MOFs consist of metal ions or clusters coordinated to organic ligands to form 1D, 2D or 3D structures. High crystallinity, porosity (up to 90%), internal surface areas (over 6000 m2/g), and stability make MOF ideal candidate for the enhancement of the membrane performance. The possibility of synthesizing different structures having various sizes and functionalities for a specific application is another advantageous of the MOFs [61]. This is important, since the main problem encountered during incorporation of inorganic nanomaterials into polymeric matrix is their incompatibilities [62]. Filler-polymer compatibility can be improved by the organic constituents of MOFs.

Ze-Xian Low studied the effect of 2D ZIF-L nanoflakes on the performance of the PES UF membrane [63]. Incorporation of ZIF-L was significantly improved water flux without greatly altering the MWCO of the modified UF membrane. Similarly, the combined effect of lower surface roughness, zeta potential, and higher hydrophilicity, caused to a lower bovine serum albumin (BSA) attachment onto the surface of the composite membrane. With those outstanding features, fouling resistance of the so-called membrane against BSA enhanced almost twice with more than 80% flux recovery.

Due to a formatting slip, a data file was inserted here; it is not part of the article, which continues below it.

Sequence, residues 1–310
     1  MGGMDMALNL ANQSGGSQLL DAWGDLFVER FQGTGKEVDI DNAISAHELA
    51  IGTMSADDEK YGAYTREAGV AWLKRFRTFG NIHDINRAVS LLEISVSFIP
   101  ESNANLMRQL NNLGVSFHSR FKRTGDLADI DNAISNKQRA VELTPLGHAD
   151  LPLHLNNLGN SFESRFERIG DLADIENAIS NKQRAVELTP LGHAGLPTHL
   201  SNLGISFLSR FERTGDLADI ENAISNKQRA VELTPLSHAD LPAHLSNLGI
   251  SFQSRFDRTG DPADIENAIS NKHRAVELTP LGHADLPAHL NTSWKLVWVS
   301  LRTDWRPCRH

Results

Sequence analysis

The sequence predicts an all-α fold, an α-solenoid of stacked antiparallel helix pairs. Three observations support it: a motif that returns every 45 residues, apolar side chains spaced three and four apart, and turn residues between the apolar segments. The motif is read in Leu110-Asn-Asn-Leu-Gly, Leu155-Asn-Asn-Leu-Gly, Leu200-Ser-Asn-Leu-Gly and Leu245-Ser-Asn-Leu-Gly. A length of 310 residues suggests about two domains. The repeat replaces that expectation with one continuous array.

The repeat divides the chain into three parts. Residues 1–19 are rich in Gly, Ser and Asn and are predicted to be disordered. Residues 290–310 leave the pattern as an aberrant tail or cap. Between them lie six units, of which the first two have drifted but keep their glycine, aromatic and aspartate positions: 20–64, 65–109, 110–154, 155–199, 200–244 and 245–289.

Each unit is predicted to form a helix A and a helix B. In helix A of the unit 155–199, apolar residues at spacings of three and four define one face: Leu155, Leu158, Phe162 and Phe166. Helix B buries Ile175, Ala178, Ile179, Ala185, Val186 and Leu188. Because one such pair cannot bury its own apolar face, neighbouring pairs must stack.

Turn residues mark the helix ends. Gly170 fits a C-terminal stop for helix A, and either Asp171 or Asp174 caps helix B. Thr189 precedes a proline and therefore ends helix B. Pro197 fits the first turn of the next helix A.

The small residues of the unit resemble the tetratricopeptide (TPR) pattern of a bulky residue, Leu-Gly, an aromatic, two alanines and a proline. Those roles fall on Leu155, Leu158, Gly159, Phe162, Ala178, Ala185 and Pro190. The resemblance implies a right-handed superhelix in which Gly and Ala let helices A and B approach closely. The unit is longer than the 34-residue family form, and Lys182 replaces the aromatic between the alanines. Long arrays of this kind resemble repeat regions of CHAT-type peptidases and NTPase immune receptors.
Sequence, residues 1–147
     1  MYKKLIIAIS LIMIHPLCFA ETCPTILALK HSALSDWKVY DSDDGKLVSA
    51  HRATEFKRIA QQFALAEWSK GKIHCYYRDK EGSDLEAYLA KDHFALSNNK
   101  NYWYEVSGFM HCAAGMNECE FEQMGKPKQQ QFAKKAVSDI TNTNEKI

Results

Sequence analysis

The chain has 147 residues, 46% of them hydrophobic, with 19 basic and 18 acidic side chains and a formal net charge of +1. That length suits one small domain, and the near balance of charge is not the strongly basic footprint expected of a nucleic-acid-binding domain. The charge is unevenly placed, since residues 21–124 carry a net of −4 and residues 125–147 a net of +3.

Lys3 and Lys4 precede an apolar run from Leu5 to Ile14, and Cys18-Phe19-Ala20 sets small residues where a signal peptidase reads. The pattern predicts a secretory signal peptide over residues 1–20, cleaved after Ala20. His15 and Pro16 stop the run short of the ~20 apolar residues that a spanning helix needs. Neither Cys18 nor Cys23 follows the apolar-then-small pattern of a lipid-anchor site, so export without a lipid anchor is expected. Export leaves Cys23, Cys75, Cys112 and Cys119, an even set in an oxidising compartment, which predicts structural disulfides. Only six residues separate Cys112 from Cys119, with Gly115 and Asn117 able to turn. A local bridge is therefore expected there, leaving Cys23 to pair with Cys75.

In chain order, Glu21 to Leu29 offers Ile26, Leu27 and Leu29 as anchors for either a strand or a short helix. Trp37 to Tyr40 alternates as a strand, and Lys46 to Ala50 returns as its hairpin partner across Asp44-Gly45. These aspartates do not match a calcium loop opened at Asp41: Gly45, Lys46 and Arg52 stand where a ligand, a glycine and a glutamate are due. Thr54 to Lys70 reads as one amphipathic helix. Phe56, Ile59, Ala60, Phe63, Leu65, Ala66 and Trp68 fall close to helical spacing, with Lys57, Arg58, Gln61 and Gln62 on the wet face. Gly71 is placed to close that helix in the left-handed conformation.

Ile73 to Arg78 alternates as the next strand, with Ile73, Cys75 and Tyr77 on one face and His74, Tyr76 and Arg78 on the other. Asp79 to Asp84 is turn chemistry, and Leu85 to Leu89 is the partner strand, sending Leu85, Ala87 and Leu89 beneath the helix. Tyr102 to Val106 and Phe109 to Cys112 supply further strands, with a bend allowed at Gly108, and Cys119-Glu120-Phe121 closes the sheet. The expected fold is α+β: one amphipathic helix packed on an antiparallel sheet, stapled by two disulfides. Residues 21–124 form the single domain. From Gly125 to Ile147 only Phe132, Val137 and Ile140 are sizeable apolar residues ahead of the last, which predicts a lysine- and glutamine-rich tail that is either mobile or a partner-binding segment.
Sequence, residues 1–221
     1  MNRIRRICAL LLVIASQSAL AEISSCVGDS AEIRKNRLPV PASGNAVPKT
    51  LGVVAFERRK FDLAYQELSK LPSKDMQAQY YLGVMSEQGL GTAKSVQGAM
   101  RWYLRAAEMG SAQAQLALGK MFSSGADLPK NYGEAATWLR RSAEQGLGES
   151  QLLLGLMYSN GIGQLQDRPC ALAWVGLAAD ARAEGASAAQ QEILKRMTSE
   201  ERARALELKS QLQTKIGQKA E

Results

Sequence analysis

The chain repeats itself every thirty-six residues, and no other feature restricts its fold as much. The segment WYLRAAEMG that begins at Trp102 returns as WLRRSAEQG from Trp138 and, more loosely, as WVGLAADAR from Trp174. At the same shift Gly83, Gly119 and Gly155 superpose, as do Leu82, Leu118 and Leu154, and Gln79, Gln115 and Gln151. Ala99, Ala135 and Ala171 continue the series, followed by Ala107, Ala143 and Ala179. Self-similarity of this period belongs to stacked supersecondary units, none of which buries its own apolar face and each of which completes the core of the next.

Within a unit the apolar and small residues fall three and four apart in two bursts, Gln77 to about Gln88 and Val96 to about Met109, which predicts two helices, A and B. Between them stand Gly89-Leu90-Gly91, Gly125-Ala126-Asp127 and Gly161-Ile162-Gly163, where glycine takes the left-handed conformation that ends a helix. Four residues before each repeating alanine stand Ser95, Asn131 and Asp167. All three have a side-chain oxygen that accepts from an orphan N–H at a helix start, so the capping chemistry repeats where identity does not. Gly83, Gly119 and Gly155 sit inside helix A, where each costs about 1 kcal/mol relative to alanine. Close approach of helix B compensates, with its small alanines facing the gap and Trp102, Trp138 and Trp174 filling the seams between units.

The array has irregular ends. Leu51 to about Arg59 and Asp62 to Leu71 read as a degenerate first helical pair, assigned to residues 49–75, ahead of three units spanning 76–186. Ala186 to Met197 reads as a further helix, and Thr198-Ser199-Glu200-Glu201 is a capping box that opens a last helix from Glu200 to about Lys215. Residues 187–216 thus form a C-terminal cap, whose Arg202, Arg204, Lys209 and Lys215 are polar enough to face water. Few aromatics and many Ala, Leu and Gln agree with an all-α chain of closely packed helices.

In literature, MOF type materials have been extensively studied in heavy metals adsorption as they provide tunable pores and high specific area [64, 65]. The adsorptive characteristics of UiO-66-NH2 MOF has been tested by incorporating into PAN/CHI dope solution to make composite nanofiber [66]. The adsorptive membrane incorporated with 10 w% of UiO-66-NH2 MOF showed maximum monolayer coverage of 441.2, 415.6, and 372.6 mg/g for Pb2+, Cd2+, and Cr6+, respectively, in static condition. In crossflow filtration, carried out 20 mg/L initial metal concentration at 1 bar TMP, the permeation flux and metal removal were observed as for 452, 463, and 479 L/m2.h., and 94, 89, and 86%, respectively for Pb2+, Cd2+, and Cr6+. During long term filtration, slightly reduced permeation flux and rejection were obtained up to 18 h., beyond this point, a significant reduction in both flux and rejection revealed that the nanofibrous membrane pores were saturated.

3.1.2 Zeolite NPs